Getting all this stuff together in your shop is probably the biggest challenge a new rod maker faces. Sure, many of these tools you can make yourself but you better have a lot of time on your hands to make them. What you might save in money by making them will be more than lost in the time it takes to make these tools. This is something to consider especially for someone looking to make rods as a hobby.
I would also urge you to consider finding a dealer that will stand behind their products & provide you with good service even after you've bought from them. It does little good to save a few bucks on an expensive piece of equipment or rod component, only to hear their voice mail every time you call should a problem arise. In my opinion your best bet is to buy from someone who actually uses the tools & components they sell.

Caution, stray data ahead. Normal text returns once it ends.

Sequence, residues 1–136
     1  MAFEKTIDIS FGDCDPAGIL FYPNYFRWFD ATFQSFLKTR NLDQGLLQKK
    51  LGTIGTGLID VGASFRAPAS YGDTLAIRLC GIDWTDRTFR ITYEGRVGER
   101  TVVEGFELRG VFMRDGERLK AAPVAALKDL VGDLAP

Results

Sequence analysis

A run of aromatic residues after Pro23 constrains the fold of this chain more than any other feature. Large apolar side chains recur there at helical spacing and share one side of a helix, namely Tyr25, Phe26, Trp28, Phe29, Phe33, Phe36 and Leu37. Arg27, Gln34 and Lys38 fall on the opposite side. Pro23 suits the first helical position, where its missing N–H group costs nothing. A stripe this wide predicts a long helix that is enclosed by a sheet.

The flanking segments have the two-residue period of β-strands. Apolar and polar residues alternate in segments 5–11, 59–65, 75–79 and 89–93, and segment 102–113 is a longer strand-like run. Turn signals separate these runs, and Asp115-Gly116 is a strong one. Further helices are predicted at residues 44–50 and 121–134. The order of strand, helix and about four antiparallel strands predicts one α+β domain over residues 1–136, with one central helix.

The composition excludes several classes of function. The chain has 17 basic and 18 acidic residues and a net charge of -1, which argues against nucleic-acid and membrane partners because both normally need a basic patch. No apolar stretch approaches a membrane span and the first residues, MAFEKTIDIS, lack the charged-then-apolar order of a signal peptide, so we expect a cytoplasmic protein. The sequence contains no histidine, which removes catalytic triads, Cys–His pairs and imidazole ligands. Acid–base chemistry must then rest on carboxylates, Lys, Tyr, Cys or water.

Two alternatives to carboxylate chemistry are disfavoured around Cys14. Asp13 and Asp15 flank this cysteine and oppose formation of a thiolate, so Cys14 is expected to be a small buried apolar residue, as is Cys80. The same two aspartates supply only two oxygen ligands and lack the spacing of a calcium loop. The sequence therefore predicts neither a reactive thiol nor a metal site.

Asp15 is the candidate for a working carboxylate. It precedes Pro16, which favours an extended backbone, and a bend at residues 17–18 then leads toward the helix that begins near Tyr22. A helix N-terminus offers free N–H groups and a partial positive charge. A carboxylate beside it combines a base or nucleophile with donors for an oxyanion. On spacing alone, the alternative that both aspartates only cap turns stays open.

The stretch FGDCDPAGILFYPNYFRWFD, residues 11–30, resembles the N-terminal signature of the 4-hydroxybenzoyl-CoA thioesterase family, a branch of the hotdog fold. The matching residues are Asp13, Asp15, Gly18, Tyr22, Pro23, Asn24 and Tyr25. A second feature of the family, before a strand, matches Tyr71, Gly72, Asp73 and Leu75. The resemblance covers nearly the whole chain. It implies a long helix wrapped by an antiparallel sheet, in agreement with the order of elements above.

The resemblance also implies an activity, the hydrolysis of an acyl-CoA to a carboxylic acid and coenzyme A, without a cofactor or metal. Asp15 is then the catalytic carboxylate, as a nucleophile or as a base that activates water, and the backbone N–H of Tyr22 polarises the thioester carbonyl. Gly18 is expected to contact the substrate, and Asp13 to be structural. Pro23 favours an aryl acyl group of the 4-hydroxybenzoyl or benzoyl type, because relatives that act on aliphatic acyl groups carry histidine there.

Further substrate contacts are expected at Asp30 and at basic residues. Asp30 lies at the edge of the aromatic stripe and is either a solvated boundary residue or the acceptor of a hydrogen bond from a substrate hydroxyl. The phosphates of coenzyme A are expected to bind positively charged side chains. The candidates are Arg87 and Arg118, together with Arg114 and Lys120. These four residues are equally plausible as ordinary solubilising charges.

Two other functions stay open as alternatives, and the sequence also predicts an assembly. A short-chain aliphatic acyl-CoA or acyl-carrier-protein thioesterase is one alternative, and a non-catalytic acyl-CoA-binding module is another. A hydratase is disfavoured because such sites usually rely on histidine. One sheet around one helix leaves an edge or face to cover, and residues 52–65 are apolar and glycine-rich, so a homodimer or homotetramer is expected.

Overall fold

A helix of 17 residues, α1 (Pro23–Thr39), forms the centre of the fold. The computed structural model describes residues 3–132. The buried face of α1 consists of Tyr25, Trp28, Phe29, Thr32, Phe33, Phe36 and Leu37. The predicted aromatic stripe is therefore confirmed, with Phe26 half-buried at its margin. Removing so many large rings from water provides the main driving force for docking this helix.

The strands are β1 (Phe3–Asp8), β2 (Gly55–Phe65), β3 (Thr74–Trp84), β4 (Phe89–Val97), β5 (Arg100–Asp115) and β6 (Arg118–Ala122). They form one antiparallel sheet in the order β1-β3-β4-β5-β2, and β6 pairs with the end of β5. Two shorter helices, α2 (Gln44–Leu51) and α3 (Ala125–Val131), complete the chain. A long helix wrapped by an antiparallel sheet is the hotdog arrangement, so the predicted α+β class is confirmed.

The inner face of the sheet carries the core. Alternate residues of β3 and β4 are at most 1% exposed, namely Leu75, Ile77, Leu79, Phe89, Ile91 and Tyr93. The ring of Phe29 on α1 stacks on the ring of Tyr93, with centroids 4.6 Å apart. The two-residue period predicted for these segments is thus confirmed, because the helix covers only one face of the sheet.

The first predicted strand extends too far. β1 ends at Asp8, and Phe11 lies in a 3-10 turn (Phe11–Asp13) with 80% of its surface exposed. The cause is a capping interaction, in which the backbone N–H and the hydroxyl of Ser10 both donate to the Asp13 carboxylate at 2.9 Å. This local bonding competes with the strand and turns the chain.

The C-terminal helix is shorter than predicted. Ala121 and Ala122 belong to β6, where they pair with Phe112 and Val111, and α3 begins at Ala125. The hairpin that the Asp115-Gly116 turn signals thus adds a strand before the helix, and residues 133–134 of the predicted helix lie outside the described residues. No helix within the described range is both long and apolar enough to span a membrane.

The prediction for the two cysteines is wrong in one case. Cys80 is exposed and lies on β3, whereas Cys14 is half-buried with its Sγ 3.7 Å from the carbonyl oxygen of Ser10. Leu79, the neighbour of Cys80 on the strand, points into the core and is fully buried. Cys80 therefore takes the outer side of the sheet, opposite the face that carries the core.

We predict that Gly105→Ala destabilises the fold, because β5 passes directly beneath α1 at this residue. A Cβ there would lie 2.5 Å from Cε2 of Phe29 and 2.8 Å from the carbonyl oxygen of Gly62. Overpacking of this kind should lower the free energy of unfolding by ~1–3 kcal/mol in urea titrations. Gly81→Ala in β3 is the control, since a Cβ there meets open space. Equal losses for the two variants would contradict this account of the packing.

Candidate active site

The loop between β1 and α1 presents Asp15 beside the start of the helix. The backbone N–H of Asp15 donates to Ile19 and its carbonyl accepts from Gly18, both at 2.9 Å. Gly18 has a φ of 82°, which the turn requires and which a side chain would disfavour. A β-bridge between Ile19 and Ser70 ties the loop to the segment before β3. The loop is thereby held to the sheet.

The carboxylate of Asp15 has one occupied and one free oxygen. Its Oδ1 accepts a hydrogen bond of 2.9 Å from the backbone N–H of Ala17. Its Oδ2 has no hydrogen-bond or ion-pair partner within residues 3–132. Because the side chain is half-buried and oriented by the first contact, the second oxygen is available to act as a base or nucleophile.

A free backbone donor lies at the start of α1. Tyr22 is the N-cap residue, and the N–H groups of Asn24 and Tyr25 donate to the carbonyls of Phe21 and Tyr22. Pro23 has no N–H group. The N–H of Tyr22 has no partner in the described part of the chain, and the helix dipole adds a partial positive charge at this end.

While I don't offer tools or rod components, you might want to look for a competent rod maker who does. This is especially true if you're just starting out in rod making. Not only can they make sure that you're getting the proper equipment, they can also answer your questions about it, too. I was fortunate to have many experienced rod makers help me when I was starting out & I'm grateful to them all. One of the many rod makers who have helped me, for example, are the folks at J.D.Wagner Rodmakers. They were, & still are, especially helpful to me when I need specific rod components or a certain tool, & if I ever run into a problem I know that I can ask them for honest advice. I suggest every budding rod maker find an experienced one for guidance. Most rod makers are willing to help answer a beginner's questions, myself included.